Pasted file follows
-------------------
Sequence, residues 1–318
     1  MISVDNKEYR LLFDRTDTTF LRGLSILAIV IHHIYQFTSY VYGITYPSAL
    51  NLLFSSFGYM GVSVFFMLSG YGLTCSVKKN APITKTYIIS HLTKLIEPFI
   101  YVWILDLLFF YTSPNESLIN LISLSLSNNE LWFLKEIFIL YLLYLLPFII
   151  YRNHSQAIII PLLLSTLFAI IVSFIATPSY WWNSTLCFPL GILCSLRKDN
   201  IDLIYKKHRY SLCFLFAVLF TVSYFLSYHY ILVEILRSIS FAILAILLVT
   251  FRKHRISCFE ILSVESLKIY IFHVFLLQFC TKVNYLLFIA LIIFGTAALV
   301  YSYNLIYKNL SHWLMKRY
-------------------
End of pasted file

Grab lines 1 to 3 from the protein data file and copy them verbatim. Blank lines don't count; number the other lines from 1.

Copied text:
Sequence, residues 1–318
     1  MISVDNKEYR LLFDRTDTTF LRGLSILAIV IHHIYQFTSY VYGITYPSAL
    51  NLLFSSFGYM GVSVFFMLSG YGLTCSVKKN APITKTYIIS HLTKLIEPFI